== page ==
Through education, we gain knowledge, learn new skills, and continue to build on them. Every time we learn, we get better. When we get better, we present ourselves with new opportunities to bring out our full developmental potential.
Having an education prepares an individual to be an empowered, active member of their society. After all, it’s the combined efforts of individual, educated minds that leads to all developmental advances within a society, from healthcare to agriculture, business to government. The more educated the country, the larger its potential for positive growth and improvement.
Education is the most powerful weapon which you can use to change the world. – Nelson Mandela.
Whether you live in a world of poverty or a world of wealth, education remains one of the most important and necessary factors to promote advancement in any situation.
Education for the world’s poor and the world’s underdeveloped countries, though, holds the most importance. Countries which have a limited access to proper education fall behind, unable to keep up with the accelerated growth in the West. Issues such as climate damage, poverty, health problems, malnutrition and economic decline would greatly improve as a result of a better, more widespread access to an education.
One of the most effective ways we can promote change and offer help to a developing society, is to support and invest in education systems that will provide an education to all.
All children, regardless of their race, gender, privilege, religion should have access to an education which will help them grow into contributing members of their communities.
This is no small feat, and even in places where development and progression has improved, minorities and impoverished communities remain marginalised. Only once we realise that disregarding those who we perceive as ‘below’ us, ultimately leads to negative impacts on the wider society, stunting massive potential for growth and stability, can we start to move out of this prejudice and into more positive and sustainable changes. There is no ‘us’ and ‘them.’ A world where we are all equipped to contribute benefits us all.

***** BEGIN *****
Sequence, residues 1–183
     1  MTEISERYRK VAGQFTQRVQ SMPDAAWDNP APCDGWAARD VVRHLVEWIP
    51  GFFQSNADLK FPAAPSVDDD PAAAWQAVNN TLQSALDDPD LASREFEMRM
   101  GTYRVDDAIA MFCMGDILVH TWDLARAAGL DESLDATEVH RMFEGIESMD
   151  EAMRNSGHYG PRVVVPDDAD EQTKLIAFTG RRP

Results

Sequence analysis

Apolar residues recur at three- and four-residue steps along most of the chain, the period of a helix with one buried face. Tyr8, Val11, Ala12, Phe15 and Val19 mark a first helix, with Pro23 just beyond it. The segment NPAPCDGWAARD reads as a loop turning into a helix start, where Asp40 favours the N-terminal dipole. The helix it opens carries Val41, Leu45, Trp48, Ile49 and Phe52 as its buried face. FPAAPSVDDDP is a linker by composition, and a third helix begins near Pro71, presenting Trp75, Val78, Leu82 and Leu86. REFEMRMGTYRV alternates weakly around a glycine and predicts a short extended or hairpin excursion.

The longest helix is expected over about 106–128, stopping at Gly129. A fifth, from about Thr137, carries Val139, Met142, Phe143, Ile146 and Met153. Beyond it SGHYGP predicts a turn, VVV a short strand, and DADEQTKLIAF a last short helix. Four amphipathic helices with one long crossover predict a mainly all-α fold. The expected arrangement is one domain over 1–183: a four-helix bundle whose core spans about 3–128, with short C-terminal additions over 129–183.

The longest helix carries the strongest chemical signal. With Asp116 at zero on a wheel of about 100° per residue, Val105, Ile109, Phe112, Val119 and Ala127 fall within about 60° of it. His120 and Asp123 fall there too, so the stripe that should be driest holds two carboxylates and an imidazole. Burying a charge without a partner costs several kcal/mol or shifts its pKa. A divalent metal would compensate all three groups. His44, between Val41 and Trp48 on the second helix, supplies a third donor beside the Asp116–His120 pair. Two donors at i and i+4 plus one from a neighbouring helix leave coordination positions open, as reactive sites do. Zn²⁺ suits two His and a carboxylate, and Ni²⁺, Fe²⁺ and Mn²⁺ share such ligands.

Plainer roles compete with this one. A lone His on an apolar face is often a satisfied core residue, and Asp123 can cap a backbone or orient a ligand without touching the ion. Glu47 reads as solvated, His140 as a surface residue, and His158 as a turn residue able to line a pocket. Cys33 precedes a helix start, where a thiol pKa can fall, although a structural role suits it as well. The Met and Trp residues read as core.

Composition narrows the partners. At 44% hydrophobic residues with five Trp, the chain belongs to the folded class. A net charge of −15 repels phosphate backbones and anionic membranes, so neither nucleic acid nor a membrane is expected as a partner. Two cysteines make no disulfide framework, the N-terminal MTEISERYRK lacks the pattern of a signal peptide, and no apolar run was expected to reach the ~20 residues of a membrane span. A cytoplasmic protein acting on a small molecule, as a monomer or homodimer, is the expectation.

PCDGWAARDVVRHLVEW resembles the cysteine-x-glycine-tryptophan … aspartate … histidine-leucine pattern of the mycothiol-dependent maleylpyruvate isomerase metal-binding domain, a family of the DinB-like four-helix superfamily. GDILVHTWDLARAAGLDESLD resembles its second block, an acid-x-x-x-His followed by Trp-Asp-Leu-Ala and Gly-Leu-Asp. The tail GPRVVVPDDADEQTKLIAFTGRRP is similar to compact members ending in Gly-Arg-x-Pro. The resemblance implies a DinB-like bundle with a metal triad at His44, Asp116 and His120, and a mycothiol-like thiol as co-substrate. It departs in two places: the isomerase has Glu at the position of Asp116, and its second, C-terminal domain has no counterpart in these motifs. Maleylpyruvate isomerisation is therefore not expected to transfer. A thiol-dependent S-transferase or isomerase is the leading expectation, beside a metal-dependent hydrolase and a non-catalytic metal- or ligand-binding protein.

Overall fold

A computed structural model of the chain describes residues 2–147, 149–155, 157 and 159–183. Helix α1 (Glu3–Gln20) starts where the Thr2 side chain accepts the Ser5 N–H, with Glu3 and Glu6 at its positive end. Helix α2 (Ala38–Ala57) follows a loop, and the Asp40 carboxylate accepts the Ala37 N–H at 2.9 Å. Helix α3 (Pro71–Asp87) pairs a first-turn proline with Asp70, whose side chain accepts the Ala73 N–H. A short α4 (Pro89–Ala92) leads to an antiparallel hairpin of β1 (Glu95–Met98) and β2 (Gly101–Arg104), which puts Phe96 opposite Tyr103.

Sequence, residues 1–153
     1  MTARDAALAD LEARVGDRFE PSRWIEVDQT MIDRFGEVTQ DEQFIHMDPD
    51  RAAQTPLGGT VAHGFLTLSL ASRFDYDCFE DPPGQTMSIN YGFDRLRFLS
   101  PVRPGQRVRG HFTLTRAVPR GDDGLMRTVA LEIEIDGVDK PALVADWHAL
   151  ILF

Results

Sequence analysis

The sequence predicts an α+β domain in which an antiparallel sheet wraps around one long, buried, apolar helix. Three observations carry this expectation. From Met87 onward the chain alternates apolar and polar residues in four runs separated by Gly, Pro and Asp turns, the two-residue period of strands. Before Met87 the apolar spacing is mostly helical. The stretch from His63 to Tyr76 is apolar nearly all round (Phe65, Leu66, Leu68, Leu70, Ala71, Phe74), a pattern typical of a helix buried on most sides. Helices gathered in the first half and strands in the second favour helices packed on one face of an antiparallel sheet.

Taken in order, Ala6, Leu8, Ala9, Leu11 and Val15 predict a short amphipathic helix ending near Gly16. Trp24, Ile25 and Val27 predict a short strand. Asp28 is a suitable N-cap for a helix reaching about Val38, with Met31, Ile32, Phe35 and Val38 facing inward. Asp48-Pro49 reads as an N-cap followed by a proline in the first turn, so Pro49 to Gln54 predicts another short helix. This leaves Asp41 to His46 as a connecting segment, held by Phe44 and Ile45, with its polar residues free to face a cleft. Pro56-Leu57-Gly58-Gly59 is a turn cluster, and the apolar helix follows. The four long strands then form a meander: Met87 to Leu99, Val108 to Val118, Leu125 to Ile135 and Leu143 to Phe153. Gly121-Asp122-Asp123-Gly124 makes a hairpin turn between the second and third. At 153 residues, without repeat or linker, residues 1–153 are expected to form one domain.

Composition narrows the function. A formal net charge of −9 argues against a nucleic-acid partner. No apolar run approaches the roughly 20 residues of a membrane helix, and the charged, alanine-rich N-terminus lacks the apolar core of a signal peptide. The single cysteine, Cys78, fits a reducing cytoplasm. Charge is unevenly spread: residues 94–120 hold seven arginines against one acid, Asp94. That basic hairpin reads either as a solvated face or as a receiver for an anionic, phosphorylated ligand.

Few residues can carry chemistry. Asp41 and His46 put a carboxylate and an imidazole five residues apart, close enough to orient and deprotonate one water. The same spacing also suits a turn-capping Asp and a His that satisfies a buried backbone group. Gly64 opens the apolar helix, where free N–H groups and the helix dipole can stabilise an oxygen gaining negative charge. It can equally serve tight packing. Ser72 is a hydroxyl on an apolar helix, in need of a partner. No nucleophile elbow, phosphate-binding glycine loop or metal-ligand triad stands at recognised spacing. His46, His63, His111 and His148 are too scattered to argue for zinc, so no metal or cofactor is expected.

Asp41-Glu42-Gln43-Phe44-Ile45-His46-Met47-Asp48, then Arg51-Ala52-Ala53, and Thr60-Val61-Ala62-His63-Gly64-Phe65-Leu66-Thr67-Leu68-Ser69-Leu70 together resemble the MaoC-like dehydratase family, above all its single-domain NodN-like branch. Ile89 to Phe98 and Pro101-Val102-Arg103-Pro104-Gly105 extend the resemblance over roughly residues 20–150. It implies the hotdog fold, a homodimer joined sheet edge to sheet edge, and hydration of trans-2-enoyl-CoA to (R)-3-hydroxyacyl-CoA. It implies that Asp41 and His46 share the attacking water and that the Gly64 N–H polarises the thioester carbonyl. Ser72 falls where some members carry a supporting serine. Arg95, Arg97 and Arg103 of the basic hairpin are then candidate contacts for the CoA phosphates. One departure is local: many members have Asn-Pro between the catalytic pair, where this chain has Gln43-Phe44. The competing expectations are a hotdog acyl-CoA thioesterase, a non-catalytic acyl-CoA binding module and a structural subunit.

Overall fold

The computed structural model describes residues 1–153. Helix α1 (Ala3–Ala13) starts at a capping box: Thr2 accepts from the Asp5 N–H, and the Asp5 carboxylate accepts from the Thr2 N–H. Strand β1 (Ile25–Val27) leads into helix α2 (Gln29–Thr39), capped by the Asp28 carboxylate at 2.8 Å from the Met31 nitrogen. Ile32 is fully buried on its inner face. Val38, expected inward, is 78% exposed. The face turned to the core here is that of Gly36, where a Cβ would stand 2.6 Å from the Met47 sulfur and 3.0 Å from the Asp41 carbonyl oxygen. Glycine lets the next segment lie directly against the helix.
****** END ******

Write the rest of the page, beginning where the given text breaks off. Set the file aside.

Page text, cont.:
At Kwah Dao, we are providing education to impoverished and disenfranchised communities in Pai, Northern Thailand. At our youth centre, we provide english classes and life skills to around 60 students who come from underprivileged and stateless communities. We support, promote and equip these students to eventually move into higher education or into employment, supporting them every step of the way. We have a very important scholarship program which helps us to provide this support.
We have a vision to keep expanding our efforts, but in order to do so we need more people to recognise education as one of the key ways to positively impact communities in a way that’s lasting and sustainable. Particularly those who volunteer.
Volunteering, (not to be confused with voluntourism), unquestionably aims to improve the livelihoods of the communities in which we serve, but the ultimate goal is to lead a community into being able to improve itself. That’s why access to education is fundamental if we want to promote real positive change and world development. By providing education and appropriate funding, we can one day envision self-sustaining communities that no longer need the efforts of volunteers.